Lifesize LEGO Bugatti Wows the Crowds at Toronto Show
To present the LEGO Technic Bugatti Chiron project, designer Lubor Zelinka came all the way from LEGO’s plant in Kladno, Czech Republic.
In what is rapidly becoming a tradition, the highlight of the Canadian International Autoshow this year is once again a life sized toy. Last year at the Toronto show, Hot Wheels displayed full sized recreations of some of their most popular models. This year, the excitement continues with a full sized rendition of the exotic Bugatti Chiron, built completely out of LEGO Technic elements. And it’s driveable.
The details surrounding the build are incredible. Over a million LEGO Technic elements were used to construct the project, which took more that 13,000 human hours to complete. The vehicle weighs 1,500 kg and is powered by an engine made up of 2,304 LEGO Power Function motors which generate a theoretical 5.3 horsepower. More importantly, they turn out 92 Nm of torque, which works out to about 68 lb-ft. For comparison sake, A Chevy Spark produces 94 lb-ft.
The model rides on a steel frame, which was required to support the weight of the structure. The steering system is a power variety derived from an ATV and the hydraulic function of the brakes is handled by a go kart unit. The model rides on real Bugatti Chiron wheels.
A number of custom LEGO Technic elements were created for the project, to fulfil specific needs. The main structure required strength, so the sections of the original car which were made of carbon fiber utilized elements which were made from special woven carbon fabric from 3M. Parts of the external skin were made from elements formed from a LEGO Technic fabric.
LED lighting is used throughout, and shines through custom transparent Technic elements to replicate the original car’s functions.
To present the LEGO Technic Bugatti Chiron project to Canadian show visitors, designer Lubor Zelinka came all the way from LEGO’s plant in Kladno, Czech Republic. Zelinka told me that the initial idea to create a full size replica Bugatti came from the company’s Danish office, who had just successfully launched the 1/28 Bugatti Chiron kit in partnership with the exotic car manufacturer. They challenged the special projects team to create a driveable replica, to see how far they could push the limits of LEGO.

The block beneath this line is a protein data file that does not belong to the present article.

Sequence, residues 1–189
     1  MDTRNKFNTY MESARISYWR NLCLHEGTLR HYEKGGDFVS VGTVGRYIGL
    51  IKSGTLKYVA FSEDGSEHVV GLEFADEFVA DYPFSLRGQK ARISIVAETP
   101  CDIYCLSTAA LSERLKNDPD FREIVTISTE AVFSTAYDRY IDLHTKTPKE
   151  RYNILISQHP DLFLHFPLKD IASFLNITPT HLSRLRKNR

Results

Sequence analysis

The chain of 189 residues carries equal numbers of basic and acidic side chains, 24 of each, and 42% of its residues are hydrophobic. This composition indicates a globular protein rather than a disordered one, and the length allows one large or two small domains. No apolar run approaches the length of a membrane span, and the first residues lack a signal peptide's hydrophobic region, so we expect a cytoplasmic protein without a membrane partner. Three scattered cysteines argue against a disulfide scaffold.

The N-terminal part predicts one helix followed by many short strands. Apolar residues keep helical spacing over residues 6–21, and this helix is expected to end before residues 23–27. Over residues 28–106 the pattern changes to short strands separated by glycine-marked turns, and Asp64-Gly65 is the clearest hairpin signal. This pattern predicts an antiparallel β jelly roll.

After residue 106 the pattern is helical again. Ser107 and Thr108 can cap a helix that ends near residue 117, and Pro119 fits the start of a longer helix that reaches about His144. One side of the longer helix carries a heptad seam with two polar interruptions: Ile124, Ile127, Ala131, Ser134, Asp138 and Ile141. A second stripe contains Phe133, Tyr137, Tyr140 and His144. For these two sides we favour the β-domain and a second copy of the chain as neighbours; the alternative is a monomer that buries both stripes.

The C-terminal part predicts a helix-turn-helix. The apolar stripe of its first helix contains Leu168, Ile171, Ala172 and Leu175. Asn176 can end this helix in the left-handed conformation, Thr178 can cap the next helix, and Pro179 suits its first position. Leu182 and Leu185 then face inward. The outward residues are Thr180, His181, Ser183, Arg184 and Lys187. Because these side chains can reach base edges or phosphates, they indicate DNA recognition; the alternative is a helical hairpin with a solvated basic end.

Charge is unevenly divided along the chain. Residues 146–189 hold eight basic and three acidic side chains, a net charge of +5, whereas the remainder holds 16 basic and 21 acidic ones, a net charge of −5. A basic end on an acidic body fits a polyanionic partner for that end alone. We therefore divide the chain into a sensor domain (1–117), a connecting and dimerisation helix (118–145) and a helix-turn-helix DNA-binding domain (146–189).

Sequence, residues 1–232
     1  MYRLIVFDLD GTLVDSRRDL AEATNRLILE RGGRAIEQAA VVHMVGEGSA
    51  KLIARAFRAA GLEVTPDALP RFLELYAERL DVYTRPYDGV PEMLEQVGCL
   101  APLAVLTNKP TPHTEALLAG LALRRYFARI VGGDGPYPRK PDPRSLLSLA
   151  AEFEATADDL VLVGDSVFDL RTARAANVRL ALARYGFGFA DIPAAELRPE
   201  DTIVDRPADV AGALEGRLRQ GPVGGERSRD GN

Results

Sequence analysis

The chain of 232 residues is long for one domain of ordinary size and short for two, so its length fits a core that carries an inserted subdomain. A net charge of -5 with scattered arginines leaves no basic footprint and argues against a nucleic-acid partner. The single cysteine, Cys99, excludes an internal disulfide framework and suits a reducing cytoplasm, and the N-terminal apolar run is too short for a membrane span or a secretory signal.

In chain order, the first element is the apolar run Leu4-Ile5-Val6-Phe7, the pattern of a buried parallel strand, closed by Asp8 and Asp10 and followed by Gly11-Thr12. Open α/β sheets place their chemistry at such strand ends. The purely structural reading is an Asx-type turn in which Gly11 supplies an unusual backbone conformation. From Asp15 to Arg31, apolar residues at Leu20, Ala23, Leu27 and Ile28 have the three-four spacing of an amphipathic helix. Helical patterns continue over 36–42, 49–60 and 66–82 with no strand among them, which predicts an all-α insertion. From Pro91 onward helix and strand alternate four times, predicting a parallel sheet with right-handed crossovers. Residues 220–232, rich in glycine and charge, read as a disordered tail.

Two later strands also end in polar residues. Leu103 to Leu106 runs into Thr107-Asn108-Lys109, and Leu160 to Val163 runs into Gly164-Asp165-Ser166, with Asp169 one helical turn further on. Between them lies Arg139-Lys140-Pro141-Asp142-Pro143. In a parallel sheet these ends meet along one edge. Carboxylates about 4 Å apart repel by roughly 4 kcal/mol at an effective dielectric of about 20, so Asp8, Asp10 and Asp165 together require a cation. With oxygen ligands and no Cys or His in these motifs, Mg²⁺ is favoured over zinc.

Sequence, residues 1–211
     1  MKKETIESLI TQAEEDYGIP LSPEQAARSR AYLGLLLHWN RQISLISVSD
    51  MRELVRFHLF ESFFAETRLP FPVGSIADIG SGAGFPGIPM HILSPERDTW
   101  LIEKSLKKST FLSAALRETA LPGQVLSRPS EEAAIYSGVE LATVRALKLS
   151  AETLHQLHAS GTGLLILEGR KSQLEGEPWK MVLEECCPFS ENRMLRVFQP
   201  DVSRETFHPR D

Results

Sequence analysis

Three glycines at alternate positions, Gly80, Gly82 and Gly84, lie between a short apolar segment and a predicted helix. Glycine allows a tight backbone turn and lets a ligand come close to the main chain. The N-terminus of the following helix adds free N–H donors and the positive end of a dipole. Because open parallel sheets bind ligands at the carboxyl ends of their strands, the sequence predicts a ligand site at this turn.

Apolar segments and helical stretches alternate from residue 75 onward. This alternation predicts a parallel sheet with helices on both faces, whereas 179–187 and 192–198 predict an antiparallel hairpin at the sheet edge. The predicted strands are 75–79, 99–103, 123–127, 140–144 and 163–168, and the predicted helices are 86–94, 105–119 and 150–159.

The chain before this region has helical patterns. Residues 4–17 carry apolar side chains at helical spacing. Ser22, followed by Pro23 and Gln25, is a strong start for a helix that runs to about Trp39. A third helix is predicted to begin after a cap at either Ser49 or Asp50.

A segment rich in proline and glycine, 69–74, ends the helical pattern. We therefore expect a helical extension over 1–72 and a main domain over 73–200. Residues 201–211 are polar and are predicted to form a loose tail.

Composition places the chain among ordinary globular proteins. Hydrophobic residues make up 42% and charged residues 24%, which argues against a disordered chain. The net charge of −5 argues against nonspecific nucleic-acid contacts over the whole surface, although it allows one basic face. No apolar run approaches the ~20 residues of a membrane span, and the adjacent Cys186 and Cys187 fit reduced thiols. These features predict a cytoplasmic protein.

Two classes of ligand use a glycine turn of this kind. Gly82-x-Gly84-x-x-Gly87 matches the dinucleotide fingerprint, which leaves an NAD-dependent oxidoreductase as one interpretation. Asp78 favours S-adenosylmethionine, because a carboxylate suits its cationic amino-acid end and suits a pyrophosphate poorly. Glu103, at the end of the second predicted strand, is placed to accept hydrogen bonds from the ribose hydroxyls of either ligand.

The trip to Toronto was the first time the car has been moved, which Zelinka says required a substantial amount of work. First, the electric motors and battery packs were removed to reduce weight. The team created special supports for the roof and spoiler and then wrapped it tightly to prepare it for air freight. A stressful time ensued, as the car left for Toronto a week ahead of the team. Typically when any installation is shipped, pieces fall out during transit, as they are assembled without any type of glue. In essence, the Chiron is “a living, breathing thing” and requires much special attention when it is unpackaged and prepared for display.
Fun Fact: They are called elements. Every time I hear someone call them “legos”, I cringe. Call them LEGO bricks or blocks, but the brand name is LEGO, not legos. I asked Zelinka his views on this and he laughed, saying that it drives him crazy too, but what bothers him even more is people calling the Technic line technix. He informed me that the correct or “nerdy” term is elements.
To prove to the world, and themselves, that the model was actually driveable, Le Mans 24 Hour winner Andy Wallace was brought to the Ehra-Lessien test track, near Wolfsburg to put the car through its paces. Zelinka told me that they set a speed limiter to 30 km/h and Wallace set off on the track. While it may seem silly at first that photos show Wallace wearing a full racing kit, including helmet, we have to remember the “living, breathing thing” comment. They really had no idea how fast the car would go or if it would be safe. It turns out that the car has a top speed of 25 km/h, and handles like a proper mid-engined sports car.
In recent weeks, auto enthusiast websites have been alight with the realization that if one takes a LEGO Technic Porsche GT3 RS kit and re-imagines some of the assembly, one can create a Lancia Stratos from the exact same kit. That ingenuity echoes Zelinka’s observation that while their team have a deep talent pool of creativity, the fan base is incredible and takes the development even further. He has seen fans turn that GT3 into an R/C car, and even into an SUV.
As far as his own team goes, Zelinka says that this is the craziest project they have completed so far. A close second was the creation of the Lego House, in Billund, Denmark, which is the birthplace of LEGO. Known as The Home of the Brick, the LEGO house is a large modern facility which looks like it was made out of LEGO. Inside, it is a combination museum and play space, with dozens of giant dioramas, and the team even built an 18 meter tree and three dinosaurs. All T-Rexs, Zelinka says that one is built from System, while the other two are built out of Duplo and Technic.
More than just a toy guy, Zelinka is a car enthusiast who races karts when he can and spends his Summers cruising in his Opel Tigra convertible.
When asked if there are any other cars that he dreams of building, he responds, “I always say I don’t dream anymore, because I live my dreams.”